We feel incredibly lucky to have a lifestyle that is centered around nature conservation, but you don’t have to work in conservation to make a difference. Conservation Corner is a series where I highlight the many ways people around the world are making an effort to tread a little lighter on our planet.
Today Leanna from All Done Monkey shares a science experiment that helps children understand water pollution. I love Leanna’s dedication to raising world citizens and I am so happy to be a part of the Multicultural Kid Blogs community she started. It’s a lovely place to meet parents who, while not always like minded, I’ve found to be open minded, accepting and inclusive. I’ve learned so much from this group and am forever thankful to Leanna for including me in it.
I plan to highlight one story a month and I hope to make this a space where people who walk with light footsteps meet. Feel free to contact me if you are interested in contributing to this series or stop by the Conservation Corner page for a list of upcoming posts.
When my friend Jody solicited posts for her Conservation Corner series, I jumped at the opportunity to participate. I feel strongly about the need to protect our environment and hope to pass on a love of the planet to my sons.
I’m not a scientist and have no real expertise in the how of conservation, but what I can teach my sons is the why. Having a global worldview is a passion of mine and was the driving force behind the creation of Multicultural Kid Blogs. What has always fascinated me about conservation is what it teaches us about the interconnectedness of our small planet.
I was a child when acid rain became a threat, and I remember clearly the point that the experts kept repeating: The environment knows no national boundaries. The pollution in one country creates the acid rain in a neighboring country. What we do to our environment matters, not just to us but to everyone else on the planet.
I wanted a way to drive this point home to my preschooler, so I created this simple science experiment using materials we already had around the house. He had a blast and (hopefully) will remember something of the message behind the activity.
Our Interconnected Waterways: Science Experiment for Kids
You will need:
Egg carton (cardboard is best)
Flax seed meal or other powdery material
Tray or cookie sheet
Lots of water!
First off, I recommend setting your egg carton on a napkin, laid inside a tray, for reasons that will become clear later. You’ll notice that I did not start this way, but soon learned my lesson!
To start we poured water into the egg carton. We had to fill it enough that the water poured from one cup to another. I talked to my son about how the waterways were all connected to each other – creeks run into rivers, which run into lakes and oceans.
Next we talked about how if we throw trash into a creek, it doesn’t just get that creek dirty. The water carries the trash to other places, like lakes and rivers. To demonstrate this principle, we took the flax seed meal and poured it into one of the egg cups. You actually have to dump quite a bit before you see an effect, but my son didn’t mind helping with this 🙂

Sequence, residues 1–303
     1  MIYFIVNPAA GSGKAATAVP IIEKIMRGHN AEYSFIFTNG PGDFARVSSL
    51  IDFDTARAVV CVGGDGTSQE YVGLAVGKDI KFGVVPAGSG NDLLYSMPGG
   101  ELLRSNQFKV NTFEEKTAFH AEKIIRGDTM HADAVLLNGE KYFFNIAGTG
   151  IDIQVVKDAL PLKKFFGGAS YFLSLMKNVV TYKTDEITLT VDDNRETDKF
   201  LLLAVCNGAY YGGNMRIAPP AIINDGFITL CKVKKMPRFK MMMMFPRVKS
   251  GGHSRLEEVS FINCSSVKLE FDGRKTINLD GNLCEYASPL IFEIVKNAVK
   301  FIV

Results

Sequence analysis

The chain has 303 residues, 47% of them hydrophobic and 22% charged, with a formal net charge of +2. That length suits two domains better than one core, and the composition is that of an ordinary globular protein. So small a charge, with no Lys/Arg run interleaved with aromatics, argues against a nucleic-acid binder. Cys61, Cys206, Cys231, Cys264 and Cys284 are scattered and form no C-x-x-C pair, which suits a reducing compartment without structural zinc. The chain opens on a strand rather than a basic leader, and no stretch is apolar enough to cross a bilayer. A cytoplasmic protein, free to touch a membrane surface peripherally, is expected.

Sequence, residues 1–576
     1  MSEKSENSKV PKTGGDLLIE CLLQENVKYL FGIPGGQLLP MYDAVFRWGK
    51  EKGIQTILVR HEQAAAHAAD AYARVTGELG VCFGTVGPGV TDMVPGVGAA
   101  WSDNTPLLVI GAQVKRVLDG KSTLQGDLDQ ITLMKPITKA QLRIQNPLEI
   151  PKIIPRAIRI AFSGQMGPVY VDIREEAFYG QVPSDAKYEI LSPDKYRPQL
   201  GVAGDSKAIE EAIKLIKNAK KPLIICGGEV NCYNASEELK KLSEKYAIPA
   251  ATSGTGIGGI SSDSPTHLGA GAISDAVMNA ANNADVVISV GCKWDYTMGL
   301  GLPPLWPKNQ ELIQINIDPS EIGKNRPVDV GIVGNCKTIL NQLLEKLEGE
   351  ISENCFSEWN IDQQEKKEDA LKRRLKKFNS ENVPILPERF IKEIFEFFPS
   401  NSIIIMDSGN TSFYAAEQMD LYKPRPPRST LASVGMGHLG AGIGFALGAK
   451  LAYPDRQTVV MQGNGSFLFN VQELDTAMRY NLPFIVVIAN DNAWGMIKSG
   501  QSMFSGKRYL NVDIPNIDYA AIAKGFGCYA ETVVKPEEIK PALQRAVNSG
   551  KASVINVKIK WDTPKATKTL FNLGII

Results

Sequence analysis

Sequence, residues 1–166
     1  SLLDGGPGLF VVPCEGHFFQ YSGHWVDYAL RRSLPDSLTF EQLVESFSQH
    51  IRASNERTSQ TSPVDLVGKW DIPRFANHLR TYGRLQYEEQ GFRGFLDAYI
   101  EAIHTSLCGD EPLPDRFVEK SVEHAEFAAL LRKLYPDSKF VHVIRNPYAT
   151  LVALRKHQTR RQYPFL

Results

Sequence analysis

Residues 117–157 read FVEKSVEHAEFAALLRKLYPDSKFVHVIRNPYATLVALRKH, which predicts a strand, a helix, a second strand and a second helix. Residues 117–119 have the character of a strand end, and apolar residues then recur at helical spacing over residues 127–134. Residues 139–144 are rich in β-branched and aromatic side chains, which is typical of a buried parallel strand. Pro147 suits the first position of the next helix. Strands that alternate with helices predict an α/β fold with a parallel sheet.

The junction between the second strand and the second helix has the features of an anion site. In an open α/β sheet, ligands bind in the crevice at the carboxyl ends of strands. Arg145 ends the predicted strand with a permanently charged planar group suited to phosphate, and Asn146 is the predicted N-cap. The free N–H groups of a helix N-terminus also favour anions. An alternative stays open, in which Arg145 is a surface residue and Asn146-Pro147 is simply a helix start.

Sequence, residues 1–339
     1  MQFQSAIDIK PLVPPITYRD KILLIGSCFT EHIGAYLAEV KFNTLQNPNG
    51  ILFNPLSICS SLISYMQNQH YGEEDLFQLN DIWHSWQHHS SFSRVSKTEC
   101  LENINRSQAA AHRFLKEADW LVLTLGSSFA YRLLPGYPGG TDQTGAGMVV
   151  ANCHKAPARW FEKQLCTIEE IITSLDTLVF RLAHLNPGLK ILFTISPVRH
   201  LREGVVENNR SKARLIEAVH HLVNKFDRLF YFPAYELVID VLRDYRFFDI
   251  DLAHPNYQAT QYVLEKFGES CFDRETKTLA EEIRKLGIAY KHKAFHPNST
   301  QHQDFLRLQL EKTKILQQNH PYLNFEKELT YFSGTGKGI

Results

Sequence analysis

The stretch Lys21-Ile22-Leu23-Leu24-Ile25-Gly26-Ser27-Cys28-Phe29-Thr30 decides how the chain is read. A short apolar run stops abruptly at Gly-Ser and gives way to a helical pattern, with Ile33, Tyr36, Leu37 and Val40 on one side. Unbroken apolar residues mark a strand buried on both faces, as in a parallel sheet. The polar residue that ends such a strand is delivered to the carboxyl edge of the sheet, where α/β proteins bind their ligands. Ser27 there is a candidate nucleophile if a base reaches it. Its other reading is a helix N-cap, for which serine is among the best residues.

Then we added drops of food coloring to another cup and watched as the color slowly spread throughout the egg carton.
And then the experiment jumped out of the neat boundaries I had set up, which, of course, really just drove home the lesson. It turns out that if you let water sit in an egg carton for a long time, it will leak! And not just water, of course, but the food coloring that was just added to it.
Luckily I was able to roll this potential mishap into the science experiment, talking to my son about how even when the connections aren’t obvious, they are still there. Water in a lake doesn’t just stay in the lake, of course, and neither do the chemicals and dyes we dump into it. All that junk seeps into the ground and spreads, just like the dye from our egg carton, which quickly stained the napkin I had hurriedly put under it.
My little mess-maker really enjoyed this experiment, and it was a great visual to talk about how interconnected our environment is. My son’s response? That we need to get a trash boat so we can go clean up all that trash! Alright, kid, I’ll put it on my list! Right along with the submarine he wants to get to scout out underwater volcanoes 😉
How do you teach your kids about the environment?
All Done Monkey:
Leanna is a stay at home mother to a sweet, funny, rambunctious three year old boy and his adorable, smiley baby brother. She and her husband, who is from Costa Rica, are raising their boys to be bilingual and bicultural but more importantly to be “world citizens.” You can find her online at her blog All Done Monkey, as well as on Facebook, Twitter, Pinterest, and Google +. Leanna is the co-founder of Bahá’í Mom Blogs and founder of Multicultural Kid Blogs.
Thank you Leanna! I can’t wait to try this experiment with my girls!